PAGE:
I love RAKs and hearing about them. I’m often inspired by Jeremy, of Long Distance Love Bombs, and Dee, of Striving to Be Kind.

  

However, sometimes it backfires!

One of my daughter’s friends has a penchant for French themed decorating and has recently made over her bedroom in that style. Because I often trawl eBay for little random things, I happened to see a little wooden pencil case with a print of the Eiffel Tower on it. At about $2 including shipping, I thought it was a nice little RAK that I could afford.

So, purchase said item and input the friend’s name and address for delivery. Sorted.

Now, do I tell her, or avoid the feeling of obligation and leave it anonymous? I thought anonymous. Also, it’s likely to take 3-6 weeks coming by sea cucumber from China and I don’t want her to have to wait.

I’d forgotten all about it until I saw a few of her family’s Facebook posts over the recent holidays showing that they were away. I sent a brief message to her mum via a comment on one of her pictures that they should look out for a little parcel when they arrived home. Too easy.

It is now a new term and I have seen the young lady at school. She’s in my classes and kindly brought me a very sweet gift back from their travels. I was really grateful, but felt a tiny bit disappointed that the obligatory payback of gifts that I had been concerned about, had occurred. Nevertheless, I thanked her and enjoyed my tasty treat. 

Today it struck me as odd that she had not mentioned the little pencil box, so I asked her about it in class today,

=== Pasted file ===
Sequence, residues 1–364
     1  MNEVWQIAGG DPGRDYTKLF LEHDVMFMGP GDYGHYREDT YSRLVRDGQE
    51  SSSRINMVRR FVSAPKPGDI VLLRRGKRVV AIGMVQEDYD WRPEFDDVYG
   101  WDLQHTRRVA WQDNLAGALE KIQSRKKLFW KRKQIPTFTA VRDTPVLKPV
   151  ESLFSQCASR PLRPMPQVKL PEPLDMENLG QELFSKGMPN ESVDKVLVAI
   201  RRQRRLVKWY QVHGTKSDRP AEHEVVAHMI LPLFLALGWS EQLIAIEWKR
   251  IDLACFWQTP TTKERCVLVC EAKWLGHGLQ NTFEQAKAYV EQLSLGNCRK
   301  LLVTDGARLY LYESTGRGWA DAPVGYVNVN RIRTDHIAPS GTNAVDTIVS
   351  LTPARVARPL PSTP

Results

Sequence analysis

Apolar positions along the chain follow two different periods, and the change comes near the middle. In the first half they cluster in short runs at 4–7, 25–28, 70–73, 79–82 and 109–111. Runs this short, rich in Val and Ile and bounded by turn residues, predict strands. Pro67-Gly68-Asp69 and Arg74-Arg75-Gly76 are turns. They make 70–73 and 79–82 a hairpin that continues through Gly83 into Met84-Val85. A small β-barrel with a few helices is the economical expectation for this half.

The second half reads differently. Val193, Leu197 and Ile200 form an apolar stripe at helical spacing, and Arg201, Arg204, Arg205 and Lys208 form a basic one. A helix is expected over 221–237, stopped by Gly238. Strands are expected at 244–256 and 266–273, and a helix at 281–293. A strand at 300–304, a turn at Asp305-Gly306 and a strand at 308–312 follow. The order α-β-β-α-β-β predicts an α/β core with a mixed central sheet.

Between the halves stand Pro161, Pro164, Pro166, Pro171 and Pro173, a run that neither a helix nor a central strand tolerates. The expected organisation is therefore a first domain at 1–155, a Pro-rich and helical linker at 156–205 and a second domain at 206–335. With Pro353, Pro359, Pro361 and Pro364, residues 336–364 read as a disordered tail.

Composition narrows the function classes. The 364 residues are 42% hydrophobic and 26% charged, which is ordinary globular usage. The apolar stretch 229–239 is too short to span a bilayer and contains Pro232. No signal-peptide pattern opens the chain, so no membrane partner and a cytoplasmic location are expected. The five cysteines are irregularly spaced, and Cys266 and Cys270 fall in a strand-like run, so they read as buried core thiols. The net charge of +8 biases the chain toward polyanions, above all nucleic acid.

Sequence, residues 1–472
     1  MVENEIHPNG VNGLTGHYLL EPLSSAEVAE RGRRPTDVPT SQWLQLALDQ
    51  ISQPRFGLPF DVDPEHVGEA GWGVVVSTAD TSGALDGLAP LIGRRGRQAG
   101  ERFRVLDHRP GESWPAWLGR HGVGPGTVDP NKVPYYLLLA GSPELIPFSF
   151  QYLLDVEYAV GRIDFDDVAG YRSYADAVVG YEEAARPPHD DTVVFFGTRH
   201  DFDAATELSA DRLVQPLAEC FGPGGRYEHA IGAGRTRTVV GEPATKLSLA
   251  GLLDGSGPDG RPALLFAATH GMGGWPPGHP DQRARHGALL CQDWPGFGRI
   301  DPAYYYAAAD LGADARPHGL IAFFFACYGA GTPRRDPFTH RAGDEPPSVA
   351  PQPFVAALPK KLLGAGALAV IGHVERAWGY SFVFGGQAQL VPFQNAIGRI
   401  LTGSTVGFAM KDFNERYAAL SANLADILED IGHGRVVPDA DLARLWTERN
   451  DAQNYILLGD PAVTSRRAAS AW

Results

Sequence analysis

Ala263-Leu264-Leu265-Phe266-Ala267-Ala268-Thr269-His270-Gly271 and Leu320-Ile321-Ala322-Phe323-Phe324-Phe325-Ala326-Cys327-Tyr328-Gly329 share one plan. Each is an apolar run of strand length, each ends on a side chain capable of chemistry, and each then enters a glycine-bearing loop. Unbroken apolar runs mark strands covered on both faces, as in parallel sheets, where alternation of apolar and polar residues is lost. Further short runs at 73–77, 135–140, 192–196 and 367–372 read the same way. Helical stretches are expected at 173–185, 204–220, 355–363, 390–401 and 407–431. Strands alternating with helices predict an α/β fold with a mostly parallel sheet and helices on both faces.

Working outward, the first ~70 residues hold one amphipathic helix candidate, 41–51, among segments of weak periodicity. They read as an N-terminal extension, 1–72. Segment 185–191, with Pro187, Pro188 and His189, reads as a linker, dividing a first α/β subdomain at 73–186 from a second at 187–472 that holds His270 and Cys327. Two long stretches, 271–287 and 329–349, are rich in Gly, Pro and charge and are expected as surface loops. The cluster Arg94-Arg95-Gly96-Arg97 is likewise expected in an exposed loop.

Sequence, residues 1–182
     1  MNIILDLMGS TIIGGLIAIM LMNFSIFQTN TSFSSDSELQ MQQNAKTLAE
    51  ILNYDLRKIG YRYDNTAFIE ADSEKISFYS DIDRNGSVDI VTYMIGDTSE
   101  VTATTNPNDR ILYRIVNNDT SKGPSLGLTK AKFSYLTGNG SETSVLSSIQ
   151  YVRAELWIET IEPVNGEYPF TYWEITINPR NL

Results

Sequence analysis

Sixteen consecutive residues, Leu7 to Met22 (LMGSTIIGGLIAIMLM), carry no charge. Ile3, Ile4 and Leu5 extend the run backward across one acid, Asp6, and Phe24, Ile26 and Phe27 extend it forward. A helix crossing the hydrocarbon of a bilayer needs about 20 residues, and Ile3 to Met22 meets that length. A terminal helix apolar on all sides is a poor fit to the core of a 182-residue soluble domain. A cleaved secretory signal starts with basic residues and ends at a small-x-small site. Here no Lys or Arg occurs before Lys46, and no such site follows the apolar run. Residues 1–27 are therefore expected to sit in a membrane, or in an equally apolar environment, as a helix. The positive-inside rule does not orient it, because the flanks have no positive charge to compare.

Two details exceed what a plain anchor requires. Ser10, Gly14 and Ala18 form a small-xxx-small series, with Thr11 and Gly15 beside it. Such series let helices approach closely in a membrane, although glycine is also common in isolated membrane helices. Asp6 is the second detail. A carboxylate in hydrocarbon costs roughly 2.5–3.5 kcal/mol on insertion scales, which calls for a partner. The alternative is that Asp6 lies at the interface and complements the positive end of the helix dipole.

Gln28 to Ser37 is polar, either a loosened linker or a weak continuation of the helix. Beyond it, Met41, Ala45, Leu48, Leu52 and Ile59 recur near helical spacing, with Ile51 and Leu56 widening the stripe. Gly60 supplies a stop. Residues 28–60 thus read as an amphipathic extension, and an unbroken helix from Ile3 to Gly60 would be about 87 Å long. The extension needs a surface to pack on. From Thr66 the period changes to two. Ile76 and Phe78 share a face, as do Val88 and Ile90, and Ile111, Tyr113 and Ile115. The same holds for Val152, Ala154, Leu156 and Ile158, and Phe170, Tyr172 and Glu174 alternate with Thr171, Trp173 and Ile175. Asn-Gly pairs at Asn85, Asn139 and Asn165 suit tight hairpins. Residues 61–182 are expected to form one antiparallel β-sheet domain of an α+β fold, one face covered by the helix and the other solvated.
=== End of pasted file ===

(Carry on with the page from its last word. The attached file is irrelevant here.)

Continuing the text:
“G–, did you have to go to the Post Office to get that little parcel?”

“What parcel?”

I made a motion with my hands (as she was across the classroom) to indicate the general size and shape of the box and she looked at me in surprise.

“Was that from you? That little Eiffel Tower box?”

“Yes, I thought you knew that. I sent Mum a message when you were on holidays.”

“No, that came ages ago. Before we went away. I had no idea what it was or who it was from. Mum didn’t want me to open it in case it was like a bomb or something!”

At this point, I looked similar to a gaping goldfish, laughing and stunned at the same time.

“Really?! What happened?”

“Well, we didn’t recognise the address, but thought it might be from the exchange student we’d had here earlier. Then I googled the address and it was a pretty weird place we couldn’t connect to anything. Eventually, Mum let me open it and we bothe sniffed and shook it to see if it was ok. It’s sitting on my desk at home, unused, because we still didn’t know if it was ok.”

“I’m so sorry!” I gasped between laughing breaths, “It was meant to be a little treat and then I’d told Mum on one of her comments. I thought you knew. I certainly didn’t mean to cause you fear or stress about it! That’s actually hilarious!”

So, sometimes kindness (especially the unplanned, random kind) can backfire! 😕

She’s going to go home and relieve Mum of her stress…and use the box.

  
Why not plan a Random Act of Kindness for someone today? If you do, I’d love to hear about it!

Veritas,

Eski 🐛